The Truth About Zero-Waste Living: The Good, The Bad & The Trash Jar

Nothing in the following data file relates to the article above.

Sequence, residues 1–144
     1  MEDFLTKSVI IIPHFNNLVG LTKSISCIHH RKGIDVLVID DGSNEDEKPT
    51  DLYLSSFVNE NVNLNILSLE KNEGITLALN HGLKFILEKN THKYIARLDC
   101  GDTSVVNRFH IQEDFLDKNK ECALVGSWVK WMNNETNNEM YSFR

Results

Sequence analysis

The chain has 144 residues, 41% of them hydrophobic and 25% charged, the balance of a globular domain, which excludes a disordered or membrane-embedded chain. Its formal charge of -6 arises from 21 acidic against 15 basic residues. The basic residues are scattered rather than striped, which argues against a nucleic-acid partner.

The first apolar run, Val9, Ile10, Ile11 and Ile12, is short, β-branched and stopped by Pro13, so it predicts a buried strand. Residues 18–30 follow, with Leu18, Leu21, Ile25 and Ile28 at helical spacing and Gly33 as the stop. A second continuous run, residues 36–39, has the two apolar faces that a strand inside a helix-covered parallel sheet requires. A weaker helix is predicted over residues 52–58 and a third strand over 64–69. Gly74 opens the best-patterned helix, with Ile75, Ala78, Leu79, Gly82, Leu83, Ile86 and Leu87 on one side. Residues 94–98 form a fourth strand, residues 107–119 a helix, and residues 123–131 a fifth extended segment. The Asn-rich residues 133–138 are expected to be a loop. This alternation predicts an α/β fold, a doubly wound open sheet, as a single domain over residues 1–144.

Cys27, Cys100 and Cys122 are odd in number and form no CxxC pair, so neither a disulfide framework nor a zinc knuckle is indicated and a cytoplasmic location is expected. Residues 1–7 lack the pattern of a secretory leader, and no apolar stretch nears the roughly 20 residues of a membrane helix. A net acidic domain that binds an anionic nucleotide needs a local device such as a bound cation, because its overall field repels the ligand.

The most helpful thing I’ve done was to implement a 30-day buy ban. I’ve found that when I put time and distance between me and what I want — even for just a few days — I can better determine if this piece will genuinely add value to my life and not, say, wind up in the donation box at the end of the year. I also reevaluated what I love and absolutely detest, like anything polyester. Made from plastic, polyester sheds microplastic particles (700,000, in fact, according to this study) into our waterways every time it’s washed. Now, when I’m not purchasing secondhand, I exclusively wear garments made from natural materials like cotton, wool, and TENCEL™ — a type of cellulose fibers made from sustainably sourced wood pulp (read: completely zero-waste) — that is not only soft to the touch, but is also comfortable and breathable. And since it’s certified compostable and biodegradable, by wearing clothing made from 100% TENCEL™-branded fibers, I know I’m not contributing to landfill waste.